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Atiu hopes for ‘return to normal’ after reopening

Thursday 21 April 2022 | Written by Matthew Littlewood | Published in National, Outer Islands


Atiu hopes for ‘return to normal’ after reopening
Roger and Kura Malcolm with their staff from Atiu Villas. ATIU VILLAS/ 21120614

As Atiu and other islands in the Pa Enua begin to open, tourist operators are hoping for a ‘return to normal’.

Non-essential travel between Rarotonga and Atiu re-opened on April 18, and Atiu Villas owner Roger Malcolm said he was looking forward to “basically having a normal life again”.

“When you didn’t have the regular air service, contact between yourself and the other islands was cut off,” Malcolm said.

“It was just frustrating, everything took far longer to get here, and even general maintenance on the island was a lot slower.”

Malcolm said staff turnover had been “close to 100 per cent”, although he was supported by the wage subsidy.

“Part of the problem for us was the fact that every time people wanted to book us, they had to delay and delay because we weren’t open,” he said.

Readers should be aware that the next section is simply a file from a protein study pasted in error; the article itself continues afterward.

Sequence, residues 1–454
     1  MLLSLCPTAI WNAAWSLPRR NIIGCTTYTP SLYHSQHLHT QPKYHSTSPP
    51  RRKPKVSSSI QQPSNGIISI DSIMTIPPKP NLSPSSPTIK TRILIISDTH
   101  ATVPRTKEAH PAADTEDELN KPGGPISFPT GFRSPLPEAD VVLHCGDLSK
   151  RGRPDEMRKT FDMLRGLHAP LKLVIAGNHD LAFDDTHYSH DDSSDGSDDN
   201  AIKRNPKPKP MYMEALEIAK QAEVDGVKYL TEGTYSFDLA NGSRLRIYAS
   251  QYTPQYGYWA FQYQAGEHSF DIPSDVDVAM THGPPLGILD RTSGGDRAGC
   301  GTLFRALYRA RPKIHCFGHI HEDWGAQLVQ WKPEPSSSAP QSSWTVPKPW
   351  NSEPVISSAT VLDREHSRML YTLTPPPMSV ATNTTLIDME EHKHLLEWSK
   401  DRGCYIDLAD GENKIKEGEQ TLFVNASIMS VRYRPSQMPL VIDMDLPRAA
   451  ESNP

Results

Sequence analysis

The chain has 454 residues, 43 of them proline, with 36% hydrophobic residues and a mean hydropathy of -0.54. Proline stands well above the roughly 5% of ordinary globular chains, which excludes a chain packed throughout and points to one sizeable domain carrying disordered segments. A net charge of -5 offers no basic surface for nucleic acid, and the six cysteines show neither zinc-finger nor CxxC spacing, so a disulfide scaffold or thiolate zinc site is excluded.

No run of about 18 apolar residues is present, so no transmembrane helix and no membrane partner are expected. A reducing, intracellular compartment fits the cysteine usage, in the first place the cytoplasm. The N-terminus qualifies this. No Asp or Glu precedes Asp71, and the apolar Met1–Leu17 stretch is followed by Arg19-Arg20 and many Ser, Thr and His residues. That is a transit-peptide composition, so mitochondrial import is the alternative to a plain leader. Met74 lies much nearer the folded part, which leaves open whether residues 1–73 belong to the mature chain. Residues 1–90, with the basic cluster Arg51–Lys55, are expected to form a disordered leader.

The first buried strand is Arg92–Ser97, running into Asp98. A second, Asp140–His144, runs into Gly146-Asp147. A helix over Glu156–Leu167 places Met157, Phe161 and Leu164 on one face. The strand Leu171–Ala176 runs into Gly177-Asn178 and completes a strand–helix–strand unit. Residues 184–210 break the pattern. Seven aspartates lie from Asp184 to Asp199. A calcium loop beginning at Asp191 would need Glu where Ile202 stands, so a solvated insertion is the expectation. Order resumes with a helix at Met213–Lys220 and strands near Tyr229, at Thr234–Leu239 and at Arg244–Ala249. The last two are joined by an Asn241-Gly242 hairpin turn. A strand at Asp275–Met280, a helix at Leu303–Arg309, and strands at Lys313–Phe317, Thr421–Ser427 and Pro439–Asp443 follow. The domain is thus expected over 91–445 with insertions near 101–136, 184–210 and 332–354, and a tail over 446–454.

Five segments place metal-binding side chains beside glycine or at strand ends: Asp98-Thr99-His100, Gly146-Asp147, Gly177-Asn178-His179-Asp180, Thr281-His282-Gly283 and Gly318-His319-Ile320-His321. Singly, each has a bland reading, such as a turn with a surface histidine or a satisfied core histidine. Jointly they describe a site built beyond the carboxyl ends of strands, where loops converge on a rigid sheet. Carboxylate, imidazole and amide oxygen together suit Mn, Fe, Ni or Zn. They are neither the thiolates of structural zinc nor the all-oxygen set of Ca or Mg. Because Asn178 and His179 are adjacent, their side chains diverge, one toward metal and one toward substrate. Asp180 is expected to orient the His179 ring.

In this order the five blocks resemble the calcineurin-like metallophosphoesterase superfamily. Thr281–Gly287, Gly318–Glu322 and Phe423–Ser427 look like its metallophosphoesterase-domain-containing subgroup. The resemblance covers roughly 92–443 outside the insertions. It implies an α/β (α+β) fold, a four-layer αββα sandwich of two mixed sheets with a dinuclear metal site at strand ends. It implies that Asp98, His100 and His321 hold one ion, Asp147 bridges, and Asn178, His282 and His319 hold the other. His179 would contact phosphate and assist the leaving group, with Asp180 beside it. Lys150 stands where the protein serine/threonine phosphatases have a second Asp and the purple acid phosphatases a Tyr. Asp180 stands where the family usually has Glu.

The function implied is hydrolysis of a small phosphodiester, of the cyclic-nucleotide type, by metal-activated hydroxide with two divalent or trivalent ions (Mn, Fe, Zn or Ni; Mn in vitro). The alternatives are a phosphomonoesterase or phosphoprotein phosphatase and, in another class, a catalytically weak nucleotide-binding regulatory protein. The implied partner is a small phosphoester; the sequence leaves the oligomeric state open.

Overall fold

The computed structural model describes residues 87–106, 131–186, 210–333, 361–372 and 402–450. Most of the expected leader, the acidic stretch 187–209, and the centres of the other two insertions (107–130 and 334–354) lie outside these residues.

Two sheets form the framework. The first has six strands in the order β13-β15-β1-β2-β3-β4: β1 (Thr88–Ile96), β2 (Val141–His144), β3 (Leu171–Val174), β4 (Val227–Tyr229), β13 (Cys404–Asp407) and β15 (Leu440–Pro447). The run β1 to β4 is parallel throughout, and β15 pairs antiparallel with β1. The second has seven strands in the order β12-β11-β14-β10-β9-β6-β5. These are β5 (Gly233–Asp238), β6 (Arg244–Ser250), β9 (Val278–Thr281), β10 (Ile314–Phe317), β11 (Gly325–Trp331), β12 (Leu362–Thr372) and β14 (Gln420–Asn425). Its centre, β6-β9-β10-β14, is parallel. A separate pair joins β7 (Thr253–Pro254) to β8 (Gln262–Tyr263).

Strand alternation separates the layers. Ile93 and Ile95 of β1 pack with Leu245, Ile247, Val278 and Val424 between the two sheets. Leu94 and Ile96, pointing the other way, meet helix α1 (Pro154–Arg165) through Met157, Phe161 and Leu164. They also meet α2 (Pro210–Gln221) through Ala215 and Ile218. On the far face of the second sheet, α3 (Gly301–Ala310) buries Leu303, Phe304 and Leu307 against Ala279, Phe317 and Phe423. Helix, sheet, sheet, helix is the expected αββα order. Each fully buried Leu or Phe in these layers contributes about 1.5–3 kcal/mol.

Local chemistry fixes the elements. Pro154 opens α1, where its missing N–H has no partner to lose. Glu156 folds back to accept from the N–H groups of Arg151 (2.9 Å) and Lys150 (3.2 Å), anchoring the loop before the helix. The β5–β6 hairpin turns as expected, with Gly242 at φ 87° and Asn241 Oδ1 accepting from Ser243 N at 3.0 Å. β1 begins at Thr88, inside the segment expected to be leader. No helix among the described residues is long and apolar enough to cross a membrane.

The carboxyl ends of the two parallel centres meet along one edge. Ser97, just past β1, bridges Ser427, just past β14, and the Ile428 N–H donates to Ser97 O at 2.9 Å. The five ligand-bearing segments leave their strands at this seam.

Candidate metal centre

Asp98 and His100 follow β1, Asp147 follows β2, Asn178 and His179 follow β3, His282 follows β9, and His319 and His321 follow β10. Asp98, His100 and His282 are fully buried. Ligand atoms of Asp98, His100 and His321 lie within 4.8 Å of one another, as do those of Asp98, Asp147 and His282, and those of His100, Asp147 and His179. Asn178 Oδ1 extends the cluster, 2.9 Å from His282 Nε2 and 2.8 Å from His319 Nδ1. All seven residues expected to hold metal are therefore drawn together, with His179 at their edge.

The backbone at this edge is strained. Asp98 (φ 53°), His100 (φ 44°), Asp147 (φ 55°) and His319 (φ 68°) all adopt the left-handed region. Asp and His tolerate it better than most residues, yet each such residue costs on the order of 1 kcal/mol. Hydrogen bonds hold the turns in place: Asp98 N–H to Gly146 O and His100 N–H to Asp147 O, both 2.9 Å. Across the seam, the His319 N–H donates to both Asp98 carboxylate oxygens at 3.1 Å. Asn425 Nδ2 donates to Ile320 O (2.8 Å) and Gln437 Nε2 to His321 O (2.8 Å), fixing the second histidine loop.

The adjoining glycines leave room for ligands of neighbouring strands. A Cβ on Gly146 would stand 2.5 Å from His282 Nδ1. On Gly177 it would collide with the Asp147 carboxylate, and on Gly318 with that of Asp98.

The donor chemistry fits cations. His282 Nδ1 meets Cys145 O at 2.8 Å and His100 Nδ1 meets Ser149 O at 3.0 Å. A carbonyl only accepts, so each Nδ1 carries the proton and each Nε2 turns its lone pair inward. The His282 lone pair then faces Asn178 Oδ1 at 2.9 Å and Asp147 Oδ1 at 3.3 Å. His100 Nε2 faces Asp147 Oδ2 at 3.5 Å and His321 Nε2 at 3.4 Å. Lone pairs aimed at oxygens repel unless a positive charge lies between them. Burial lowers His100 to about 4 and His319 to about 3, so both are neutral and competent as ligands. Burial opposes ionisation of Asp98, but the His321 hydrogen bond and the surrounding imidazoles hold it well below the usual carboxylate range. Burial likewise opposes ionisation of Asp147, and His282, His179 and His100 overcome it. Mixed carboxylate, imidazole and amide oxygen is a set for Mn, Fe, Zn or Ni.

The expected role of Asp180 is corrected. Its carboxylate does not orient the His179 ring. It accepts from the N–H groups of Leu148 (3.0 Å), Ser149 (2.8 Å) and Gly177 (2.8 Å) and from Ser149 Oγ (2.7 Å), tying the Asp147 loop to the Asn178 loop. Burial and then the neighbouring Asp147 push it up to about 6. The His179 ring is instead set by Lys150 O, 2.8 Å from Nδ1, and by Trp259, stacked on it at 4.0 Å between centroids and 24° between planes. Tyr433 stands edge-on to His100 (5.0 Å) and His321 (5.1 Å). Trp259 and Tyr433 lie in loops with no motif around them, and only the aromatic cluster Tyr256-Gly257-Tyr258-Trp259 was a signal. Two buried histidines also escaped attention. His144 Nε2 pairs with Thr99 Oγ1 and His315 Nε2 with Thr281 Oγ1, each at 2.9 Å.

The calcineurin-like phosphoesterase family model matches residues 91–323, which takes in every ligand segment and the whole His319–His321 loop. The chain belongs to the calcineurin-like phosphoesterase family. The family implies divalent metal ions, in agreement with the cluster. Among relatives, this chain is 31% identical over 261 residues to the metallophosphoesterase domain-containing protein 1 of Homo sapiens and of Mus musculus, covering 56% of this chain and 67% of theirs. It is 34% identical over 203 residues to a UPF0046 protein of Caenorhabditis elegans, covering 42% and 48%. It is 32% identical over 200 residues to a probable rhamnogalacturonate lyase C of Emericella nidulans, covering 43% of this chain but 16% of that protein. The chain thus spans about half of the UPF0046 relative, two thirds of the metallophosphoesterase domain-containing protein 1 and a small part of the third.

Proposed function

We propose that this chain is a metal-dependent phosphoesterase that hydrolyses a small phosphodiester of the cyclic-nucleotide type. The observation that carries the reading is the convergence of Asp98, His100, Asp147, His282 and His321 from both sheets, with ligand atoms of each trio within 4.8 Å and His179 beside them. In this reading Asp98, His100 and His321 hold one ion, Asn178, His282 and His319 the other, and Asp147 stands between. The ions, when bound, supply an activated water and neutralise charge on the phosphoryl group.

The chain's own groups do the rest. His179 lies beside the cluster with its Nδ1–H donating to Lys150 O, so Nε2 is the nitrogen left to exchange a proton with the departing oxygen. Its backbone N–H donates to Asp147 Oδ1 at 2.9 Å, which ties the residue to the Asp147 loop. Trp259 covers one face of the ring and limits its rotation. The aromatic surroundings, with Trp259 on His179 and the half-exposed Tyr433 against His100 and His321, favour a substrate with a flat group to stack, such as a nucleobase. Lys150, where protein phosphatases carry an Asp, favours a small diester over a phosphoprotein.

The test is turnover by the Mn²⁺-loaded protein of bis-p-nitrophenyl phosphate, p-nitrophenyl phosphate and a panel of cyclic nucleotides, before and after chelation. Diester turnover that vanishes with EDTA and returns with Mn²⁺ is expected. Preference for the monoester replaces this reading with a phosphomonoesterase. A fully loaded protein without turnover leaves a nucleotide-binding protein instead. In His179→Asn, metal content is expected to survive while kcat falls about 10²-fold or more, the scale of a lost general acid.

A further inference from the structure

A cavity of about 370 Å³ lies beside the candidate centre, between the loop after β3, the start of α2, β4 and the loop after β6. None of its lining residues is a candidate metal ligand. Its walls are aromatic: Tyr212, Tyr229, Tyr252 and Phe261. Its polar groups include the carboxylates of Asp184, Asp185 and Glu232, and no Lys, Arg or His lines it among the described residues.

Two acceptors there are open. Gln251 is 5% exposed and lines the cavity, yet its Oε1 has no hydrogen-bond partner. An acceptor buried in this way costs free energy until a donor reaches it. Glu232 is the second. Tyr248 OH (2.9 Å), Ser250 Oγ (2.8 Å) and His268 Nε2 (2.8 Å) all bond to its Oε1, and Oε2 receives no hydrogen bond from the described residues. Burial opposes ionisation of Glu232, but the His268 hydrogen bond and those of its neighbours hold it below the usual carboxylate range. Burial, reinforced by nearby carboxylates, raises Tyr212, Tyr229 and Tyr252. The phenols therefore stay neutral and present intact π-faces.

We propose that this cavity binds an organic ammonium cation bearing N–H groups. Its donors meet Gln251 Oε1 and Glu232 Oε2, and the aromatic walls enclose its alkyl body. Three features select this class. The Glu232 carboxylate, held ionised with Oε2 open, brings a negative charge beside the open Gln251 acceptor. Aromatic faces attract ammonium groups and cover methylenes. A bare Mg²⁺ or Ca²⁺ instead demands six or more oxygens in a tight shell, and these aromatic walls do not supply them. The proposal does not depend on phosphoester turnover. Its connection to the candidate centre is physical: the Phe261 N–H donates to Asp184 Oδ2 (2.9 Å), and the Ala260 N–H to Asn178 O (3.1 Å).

“But now we’re open again, the conditions are getting better, we have been preparing for this over the past few months.”

Malcolm said he expected occupancy rates at Atiu Villas to be about 30 per cent until June, but then would pick up again afterwards.

“When New Zealanders could visit last year between July and August last year, before the borders closed again, there was a really good response, particularly for the boat tours in the Pa Enua, and we don’t see any reason why it shouldn’t be the same this time,” Malcolm said.

However, as Covid-19 made its way through the Pa Enua, with cases now in Aitutaki, Penrhyn and Mauke, Malcolm said the possibility of it arriving in Atiu was “extremely high”.

“We just have to prepare for it, and hope the health services on the Pa Enua are resourced enough to respond to it,” he said.

Atiu mayor Noora Paratainga said the experience of not having regular travel to and from the island was not so bad because “we are used to living in a remote place anyway”.

Te Marae Ora Ministry of Health had met Paratainga and other members of the island council, and discussed with them how to prepare for the likelihood of Covid-19 entering the island.

“I’m really pleased with TMO, they’ve come to us with a really good programme,” Paratainga said.

“They taught us how to isolate people with Covid-19, and what security measures need to be in place.

“They could have easily just met us and left us, but instead they’ve promised to keep in contact.”

Travel to the Northern Groups islands of Manihiki, Rakahanga and Penrhyn will begin on April 25, while travel to Pukapuka, Mitiaro, Mauke and Mangaia will likely resume on May 1.